Yumi Matsutoya

Soshitemoichido Yumemirudaro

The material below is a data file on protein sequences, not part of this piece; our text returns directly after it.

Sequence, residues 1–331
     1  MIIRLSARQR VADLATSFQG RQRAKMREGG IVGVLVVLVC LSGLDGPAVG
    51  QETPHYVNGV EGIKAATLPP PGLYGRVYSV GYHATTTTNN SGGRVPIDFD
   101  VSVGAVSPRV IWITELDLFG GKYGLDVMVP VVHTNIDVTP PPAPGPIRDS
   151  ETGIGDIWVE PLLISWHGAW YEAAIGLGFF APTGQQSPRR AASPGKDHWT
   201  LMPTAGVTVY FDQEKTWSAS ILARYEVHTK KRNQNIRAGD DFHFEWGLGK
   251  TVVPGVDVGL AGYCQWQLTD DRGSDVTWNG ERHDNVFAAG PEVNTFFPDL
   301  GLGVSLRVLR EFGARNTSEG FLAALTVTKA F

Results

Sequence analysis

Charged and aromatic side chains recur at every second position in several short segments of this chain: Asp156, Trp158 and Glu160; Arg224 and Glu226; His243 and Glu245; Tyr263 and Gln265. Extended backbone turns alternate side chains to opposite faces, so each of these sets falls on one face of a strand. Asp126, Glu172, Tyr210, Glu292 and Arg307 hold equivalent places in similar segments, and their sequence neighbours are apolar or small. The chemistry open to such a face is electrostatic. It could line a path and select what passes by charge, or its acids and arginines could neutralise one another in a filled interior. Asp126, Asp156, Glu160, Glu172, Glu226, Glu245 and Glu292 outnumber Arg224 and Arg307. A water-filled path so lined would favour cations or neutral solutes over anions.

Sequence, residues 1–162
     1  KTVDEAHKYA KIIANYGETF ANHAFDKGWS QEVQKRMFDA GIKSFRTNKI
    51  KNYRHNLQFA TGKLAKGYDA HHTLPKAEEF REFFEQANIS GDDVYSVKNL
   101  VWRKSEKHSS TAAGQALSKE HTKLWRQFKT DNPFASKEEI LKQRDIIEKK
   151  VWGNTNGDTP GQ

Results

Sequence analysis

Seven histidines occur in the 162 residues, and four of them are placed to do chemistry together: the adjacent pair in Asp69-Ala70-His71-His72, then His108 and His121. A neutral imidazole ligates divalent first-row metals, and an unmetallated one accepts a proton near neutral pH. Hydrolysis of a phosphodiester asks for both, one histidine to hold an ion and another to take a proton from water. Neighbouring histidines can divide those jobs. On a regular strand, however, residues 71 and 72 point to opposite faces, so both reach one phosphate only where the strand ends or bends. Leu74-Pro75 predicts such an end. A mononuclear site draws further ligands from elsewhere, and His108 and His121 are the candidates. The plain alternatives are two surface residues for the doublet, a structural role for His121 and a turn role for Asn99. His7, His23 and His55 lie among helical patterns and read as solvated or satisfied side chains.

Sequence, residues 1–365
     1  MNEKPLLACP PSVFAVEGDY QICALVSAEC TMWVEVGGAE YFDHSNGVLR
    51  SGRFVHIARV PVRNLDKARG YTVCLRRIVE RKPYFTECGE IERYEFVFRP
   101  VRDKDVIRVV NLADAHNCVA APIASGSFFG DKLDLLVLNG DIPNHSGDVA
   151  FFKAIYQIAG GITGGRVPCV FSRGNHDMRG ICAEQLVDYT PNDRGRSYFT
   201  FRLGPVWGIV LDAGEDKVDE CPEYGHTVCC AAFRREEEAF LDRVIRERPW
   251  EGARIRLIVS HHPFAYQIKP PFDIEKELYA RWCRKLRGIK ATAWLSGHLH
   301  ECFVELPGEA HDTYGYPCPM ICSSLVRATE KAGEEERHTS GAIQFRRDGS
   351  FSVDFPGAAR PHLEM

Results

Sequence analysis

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Long a major star in the Japanese pop canon, Yumi Matsutoya has kept a firm hold on the more melodramatic, grandiose pop that characterized Japanese music long before the contemporary manufactured formats. On Soshitemoichido Yumemirudaro ("And I Will Dream Again"), her 35th studio album, she makes her way through ten songs ranging from traditional folk to vaguely '70s-style R&B. The album opens with a relatively standard bit of singsongy folk in "Picadilly Circus," then moves into a slight summer groove. "Heart no Rakugaki" has a mix of gospel and Carole King in its influences, and "Flying Messenger" stands as a surprising bit of rock, with guitar riffs reminiscent of Keith Richards and vocals from Matsutoya that call upon singers such as Kyoko, with a flatter delivery fitting itself into the mix. Buenos Adios answers the eternal question of what an Astor Piazzolla song would sound like with Japanese vocals (the answer: a little odd, but a worthwhile experiment), and Judas Kiss mixes ;80s-style synth orchestral hits with a grandiose delivery common to some of the stereotypical Asian karaoke hits of the past decades. More dated rock tinges come in "Dangerous Tonight" as it morphs into a bit of post-disco warbling, and the tone continues for the remainder of the album. Matsutoya's voice has always been the star, and it remains so 35 albums in. The songs can seem a bit more lackluster given their stylistic age, but Matsutoya performs them well, showing them off as little nuggets of musical goodness from a different era.